Quality and Web-based learning objects: Towards a more constructive dialogue

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Research and Development in Higher Education: Quality Conversations Vol. 25

July, 2002, 794 pages
Published by
Tony Herrington
ISBN
0 908557 54 X
Abstract 

The use of Web-based ‘learning objects’ is rapidly expanding in all areas of the operation of Australian universities. As universities invest in and develop these new technologies, the need increases for educators to critically evaluate the impact of this paradigm shift (Alexander & McKenzie 1998). The failure to undertake independent verification of its outcomes is a problem for all claims of quality related to teaching, and is seen as a key contributor to the failure to recognize and reward achievements in this area (Brennan & Shah 2000). It also means that the academic community is not well placed to reflect on and debate strategies to achieve more powerful forms of learning—“forms that bring students to deeper understandings and engage them in making meaning” (Hutchings 1996, p. 231). This paper gives attention to the purpose of some conversations about quality. It does so in relation to a specific initiative currently under development, namely a scheme to allow for peer review of Web-based learning objects. The IEEE’s Learning and Technology Standards Committee (http://ltsc.ieee.org), defines a learning object as “any entity, digital or non-digital, which can be used, re-used or referenced during technology supported learning”. Here the term is restricted in its scope to Web-based entities. The background considerations in this paper include discussion of: the need for such a scheme; the nature and purpose of peer review; and, the nature and purpose of conversations.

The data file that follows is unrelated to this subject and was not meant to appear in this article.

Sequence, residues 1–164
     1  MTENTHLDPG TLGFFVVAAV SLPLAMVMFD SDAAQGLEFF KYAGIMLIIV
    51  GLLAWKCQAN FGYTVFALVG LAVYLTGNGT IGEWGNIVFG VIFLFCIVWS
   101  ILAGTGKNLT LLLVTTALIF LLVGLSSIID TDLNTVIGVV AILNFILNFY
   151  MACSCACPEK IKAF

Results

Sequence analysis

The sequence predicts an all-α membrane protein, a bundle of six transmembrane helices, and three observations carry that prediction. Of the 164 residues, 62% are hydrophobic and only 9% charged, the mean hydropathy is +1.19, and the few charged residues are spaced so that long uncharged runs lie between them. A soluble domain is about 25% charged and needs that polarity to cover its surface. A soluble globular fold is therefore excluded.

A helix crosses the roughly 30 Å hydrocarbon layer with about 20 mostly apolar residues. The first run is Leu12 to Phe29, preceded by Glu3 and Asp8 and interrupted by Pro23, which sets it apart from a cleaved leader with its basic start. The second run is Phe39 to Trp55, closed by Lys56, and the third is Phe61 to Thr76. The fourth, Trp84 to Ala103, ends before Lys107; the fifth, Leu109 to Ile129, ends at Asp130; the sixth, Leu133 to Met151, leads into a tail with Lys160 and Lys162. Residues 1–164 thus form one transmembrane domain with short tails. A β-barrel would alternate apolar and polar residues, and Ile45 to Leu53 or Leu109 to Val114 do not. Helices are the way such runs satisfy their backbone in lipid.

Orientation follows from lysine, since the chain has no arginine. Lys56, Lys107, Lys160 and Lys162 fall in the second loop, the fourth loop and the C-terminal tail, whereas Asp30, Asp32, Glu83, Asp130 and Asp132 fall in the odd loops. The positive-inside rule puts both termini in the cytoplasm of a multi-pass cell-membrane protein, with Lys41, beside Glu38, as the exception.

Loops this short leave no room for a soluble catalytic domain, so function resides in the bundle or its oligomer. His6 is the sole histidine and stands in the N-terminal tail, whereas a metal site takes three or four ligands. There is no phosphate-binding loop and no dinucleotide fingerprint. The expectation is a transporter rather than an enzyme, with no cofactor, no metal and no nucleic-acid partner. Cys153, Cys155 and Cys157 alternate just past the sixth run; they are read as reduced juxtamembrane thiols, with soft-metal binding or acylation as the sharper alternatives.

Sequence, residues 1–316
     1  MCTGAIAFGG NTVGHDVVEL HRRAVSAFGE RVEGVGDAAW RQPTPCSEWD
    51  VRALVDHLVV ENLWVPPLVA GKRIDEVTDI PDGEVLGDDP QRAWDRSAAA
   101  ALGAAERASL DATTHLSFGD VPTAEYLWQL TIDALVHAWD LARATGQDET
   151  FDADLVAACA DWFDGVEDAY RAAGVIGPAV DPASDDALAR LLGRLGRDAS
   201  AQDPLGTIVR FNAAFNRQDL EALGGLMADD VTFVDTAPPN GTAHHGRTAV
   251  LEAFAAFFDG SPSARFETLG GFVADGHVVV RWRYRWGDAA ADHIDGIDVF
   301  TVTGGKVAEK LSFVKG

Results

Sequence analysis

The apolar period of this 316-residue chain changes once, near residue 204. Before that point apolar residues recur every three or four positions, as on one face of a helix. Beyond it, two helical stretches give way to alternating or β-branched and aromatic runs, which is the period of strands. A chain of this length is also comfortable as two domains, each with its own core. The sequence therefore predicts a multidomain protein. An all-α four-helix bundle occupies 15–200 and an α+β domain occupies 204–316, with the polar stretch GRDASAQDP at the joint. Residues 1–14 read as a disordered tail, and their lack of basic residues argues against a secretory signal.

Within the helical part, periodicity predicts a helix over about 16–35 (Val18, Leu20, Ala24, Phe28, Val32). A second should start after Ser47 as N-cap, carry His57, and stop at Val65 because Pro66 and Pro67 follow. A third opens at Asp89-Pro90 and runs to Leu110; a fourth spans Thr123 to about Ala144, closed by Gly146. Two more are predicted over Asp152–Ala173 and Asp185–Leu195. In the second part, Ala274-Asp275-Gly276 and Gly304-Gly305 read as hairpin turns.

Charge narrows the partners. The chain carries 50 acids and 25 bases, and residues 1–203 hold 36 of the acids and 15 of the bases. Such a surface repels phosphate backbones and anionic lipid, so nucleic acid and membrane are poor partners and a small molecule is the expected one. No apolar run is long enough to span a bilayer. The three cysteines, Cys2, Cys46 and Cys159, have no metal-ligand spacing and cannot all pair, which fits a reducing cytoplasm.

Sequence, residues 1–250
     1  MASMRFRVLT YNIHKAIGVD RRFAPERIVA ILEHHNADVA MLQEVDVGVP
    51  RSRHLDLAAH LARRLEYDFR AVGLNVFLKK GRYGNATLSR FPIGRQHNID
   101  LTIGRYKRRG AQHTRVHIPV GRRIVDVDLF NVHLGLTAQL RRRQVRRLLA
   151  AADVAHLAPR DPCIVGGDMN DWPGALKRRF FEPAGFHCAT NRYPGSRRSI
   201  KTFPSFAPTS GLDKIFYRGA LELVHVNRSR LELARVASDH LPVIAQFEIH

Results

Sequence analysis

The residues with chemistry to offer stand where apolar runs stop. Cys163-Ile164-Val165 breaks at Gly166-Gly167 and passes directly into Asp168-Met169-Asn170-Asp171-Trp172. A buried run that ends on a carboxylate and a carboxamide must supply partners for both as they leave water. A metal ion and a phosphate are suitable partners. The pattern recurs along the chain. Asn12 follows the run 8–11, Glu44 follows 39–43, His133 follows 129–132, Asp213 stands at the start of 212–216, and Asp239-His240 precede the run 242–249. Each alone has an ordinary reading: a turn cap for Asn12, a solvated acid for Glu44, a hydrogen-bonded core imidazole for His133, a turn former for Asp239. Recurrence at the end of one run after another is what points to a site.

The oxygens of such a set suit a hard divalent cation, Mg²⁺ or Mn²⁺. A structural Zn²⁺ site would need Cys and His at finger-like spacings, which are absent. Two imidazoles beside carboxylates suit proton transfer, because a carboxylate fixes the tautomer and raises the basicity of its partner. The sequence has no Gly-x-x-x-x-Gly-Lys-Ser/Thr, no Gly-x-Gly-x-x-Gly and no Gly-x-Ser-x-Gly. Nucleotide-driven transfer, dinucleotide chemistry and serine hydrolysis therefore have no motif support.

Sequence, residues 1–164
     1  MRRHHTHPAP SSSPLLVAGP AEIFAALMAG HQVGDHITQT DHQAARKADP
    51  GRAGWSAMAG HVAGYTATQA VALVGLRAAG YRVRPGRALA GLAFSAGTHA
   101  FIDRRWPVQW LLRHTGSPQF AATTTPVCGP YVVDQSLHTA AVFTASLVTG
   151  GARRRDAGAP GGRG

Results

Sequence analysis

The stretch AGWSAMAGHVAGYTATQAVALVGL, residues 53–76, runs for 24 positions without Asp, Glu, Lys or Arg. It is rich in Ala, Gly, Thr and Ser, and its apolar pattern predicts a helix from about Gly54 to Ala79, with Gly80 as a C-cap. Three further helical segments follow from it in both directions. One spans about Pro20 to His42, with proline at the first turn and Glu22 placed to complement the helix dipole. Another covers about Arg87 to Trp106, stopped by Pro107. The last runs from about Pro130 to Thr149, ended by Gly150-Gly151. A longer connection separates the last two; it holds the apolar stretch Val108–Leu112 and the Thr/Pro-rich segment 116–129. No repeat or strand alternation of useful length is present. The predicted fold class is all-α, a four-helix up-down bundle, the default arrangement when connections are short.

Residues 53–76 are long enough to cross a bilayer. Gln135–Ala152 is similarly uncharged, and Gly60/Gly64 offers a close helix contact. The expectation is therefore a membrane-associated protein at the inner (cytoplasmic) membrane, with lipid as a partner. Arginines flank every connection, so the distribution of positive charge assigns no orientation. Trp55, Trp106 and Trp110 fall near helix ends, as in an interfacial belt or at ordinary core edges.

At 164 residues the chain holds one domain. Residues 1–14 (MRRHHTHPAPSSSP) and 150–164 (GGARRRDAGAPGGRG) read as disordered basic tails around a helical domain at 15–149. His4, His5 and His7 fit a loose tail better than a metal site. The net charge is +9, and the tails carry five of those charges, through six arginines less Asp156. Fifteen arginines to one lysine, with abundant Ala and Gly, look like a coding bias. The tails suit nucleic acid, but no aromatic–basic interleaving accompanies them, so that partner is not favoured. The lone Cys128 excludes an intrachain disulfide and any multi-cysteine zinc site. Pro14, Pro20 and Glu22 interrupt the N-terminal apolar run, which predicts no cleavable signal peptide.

Keywords: Dialogic conversations; peer review; learning objects.

Quality and Web-based learning objects: Towards a more constructive dialogue

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Taylor, P.